|Real size of the animated area: length ca. 5 mm (ca. original size: )|
In reality the suction process occurs 500 times faster.
"The following questions and statements posed by Nachtwey in 1959 concerning the origin of Utricularia’s trap still have not been answered satisfactorily at the beginning of the twenty-first century and may illustrate some of the principal problems of the origin of carnivory in plants. After a careful description of the structures and functions of the trap, Nachtwey raised the question of how the origin from a leaf tip should be envisioned and went on to ask (pp. 99/100):
‘Which nondirectional mutation should have occurred first in a normal leaf tip and subsequently displayed any selective advantage? Without an advantage it would have been lost as trivial. The modern synthesis strongly emphasizes that mutation and selection have to cooperate to generate new structures. So, by which blind mutations should the suction trap have originated?’
And regarding the problem of further evolutionary stages the writer continues:
‘Even a perfect suction trap displaying the astonishing ability to rapidly catch animals would have no advantage in the struggle for life because the prey would not be digested. Conversely, the production of highly effective digestive juices would be of no avail for the tip of a leaf as long as it could not capture the prey, which is absolutely necessary. But even if suction trap and digestive juices cooperated, nothing would be gained in the struggle for life. The dissolved proteins must also be absorbed and metabolized to species-specific proteins. The formation of the suction trap requires the perfect cooperation of many different genes and developmental factors. Only at the end a benefit is reached in the struggle for life, but not by any evolutionary stage.’ Nachtwey concluded that none of the contemporary evolutionary theories was able to answer these questions, proposing that the answer might lie outside the present scientific paradigms."
From Lönnig and Becker 2004 : Nature Encyclopaedia of Life Sciences.
"Highly specialized suction traps as depicted in Utricularia are also adapted to water as surrounding medium. The trap is set by negative hydrostatic pressure. Glandular structures outside and inside the bladder were shown to be involved in water transport from the lumen to the surrounding medium. When a potential prey (e.g. acopepod, cladoceran, ostracod) stimulates the antennae of the trapdoor, the latter is opened and the trap walls, being under negative pressure, expand rapidly sucking in water through the door opening. The prey is sucked in concomitantly and the door quickly returns to its former state. The opening process is estimated to take less than 2 ms and the entireﬁring process - stimulation, door opening, and closing – lasts about 30 ms and is thus one of the fastest movements in the plant kingdom.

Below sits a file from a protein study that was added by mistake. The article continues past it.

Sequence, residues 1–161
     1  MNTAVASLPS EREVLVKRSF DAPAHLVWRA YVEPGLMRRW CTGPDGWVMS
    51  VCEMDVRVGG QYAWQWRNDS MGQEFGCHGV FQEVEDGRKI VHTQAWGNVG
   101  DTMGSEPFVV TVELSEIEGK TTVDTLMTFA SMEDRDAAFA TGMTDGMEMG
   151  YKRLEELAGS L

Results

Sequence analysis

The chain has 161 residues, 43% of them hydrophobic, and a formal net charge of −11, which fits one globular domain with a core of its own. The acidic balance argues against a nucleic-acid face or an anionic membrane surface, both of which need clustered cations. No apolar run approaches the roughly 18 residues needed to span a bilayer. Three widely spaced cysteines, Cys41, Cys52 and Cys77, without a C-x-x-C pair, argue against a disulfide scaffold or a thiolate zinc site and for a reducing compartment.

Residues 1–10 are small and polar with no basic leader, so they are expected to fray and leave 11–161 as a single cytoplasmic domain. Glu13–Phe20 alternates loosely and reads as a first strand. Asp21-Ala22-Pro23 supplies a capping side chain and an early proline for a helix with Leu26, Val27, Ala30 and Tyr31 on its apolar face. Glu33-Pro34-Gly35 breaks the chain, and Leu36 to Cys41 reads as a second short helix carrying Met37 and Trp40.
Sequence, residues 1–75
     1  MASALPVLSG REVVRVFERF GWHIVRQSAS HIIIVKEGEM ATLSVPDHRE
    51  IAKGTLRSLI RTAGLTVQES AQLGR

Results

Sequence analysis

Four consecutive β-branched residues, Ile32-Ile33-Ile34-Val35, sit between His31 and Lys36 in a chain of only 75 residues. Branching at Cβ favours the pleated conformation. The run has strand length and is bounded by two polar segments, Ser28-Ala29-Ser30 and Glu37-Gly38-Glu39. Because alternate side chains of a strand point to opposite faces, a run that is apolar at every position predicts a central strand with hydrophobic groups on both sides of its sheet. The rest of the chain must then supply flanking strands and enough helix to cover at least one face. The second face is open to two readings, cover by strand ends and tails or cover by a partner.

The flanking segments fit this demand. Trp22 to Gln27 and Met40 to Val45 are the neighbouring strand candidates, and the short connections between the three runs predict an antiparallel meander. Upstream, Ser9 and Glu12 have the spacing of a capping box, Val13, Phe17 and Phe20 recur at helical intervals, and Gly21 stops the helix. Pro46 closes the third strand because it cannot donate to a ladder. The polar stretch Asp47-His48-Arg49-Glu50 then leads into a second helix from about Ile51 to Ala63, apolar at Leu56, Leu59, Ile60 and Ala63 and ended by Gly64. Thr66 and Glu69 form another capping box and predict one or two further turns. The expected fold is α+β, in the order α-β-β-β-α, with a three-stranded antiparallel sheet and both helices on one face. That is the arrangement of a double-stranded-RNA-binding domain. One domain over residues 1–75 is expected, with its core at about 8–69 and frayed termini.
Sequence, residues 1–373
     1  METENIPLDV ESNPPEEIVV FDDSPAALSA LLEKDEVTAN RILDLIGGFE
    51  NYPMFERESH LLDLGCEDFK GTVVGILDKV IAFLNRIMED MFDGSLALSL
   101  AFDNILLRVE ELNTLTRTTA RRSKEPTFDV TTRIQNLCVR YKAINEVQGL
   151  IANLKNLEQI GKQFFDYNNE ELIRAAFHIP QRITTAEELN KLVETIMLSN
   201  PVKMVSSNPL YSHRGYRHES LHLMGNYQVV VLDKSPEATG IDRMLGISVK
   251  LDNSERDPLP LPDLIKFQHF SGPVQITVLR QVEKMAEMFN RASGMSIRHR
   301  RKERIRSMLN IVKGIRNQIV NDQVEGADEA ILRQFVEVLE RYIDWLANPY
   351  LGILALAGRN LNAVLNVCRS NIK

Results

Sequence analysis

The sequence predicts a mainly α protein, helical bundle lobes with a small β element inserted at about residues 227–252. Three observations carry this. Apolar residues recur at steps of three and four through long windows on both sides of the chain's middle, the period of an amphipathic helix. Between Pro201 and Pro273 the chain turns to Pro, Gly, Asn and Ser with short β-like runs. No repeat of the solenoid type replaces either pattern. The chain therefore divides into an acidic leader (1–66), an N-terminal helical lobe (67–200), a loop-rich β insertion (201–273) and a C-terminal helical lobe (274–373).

In addition to the main characteristics of the physical trapping mechanisms, the traps of most carnivorous plants exibit accessory features suitable for attracting small animals. Different trap types increase their efﬁciency by colours, olfactoric stimuli and further anatomical devices (windows, detaining hairs, slippery material). Moreover, apart from the trapping devices there are some additional deviations from the general angiosperm design principle: Utricularia does not develop any roots, and Genlisea has ‘root-leaves’, so that genuine roots are missing here, too.
Nutrition and Digestion
The basic question which has been debated for more than a century is whether the insects and other small invertebrates, as well as some ﬁsh fry, are really essential for normal development of carnivorous plants or whether they can also persist and ﬂourish without prey. Regarding the observation of many authors that the species investigated can normally grow and ﬂower under laboratory conditions, it has been objected that such environments do not reﬂect their special natural habitats and thus cannot provide the solution to this problem.
The conventional view is that carnivorous plants are clearly beneﬁting from digestion of small invertebrates and ﬁsh fry. This, however, could not be corroborated by recent painstaking investigations in Utricularia purpurea. The return of nitrogen and phosphorus from an overall investment of 25 - 50% in bladder formation proved to be less than 1% in the cases investigated. One hypothesis is that Utricularia plants beneﬁt more from living communities of microorganisms and associated detritus, i.e. by mutualism, than from carnivory. The open questionis, however, to what extent the results can be generalized for other Utricularia species or for other carnivorous plant genera. Conversely, writers like Schnell (2002, p.20) are convinced ‘that carnivorous plants do indeed beneﬁt from their unique adaptations by exhibiting more rapid and enhanced growth, more prolific ﬂowering and seed set, and a better ability to maintain and even improve their competitive edge within their habitats’.
Carnivorous plants digest their prey by means of enzymes such as acid phosphatase, proteases, peptidases, esterases and chitinase. Also, ribonuclease and deoxyribonuclease and still other shave beendetected. An amylase is found in Aldrovanda. For several carnivorous plant species more investigations are necessary to corroborate and enlarge earlier ﬁndings.
Usually the same glands
producing the enzymes are also responsible for the absorption of the digested
NATURE ENCYCLOPEDIA OF LIFE SCIENCES / © 2004 Nature Publishing Group / www.els.net and http://onlinelibrary.wiley.com/
See also http://www.weloennig.de/Utricularia.html or Polypompholyx.pdf
|Letzte Aktualisierung 24. September 2010|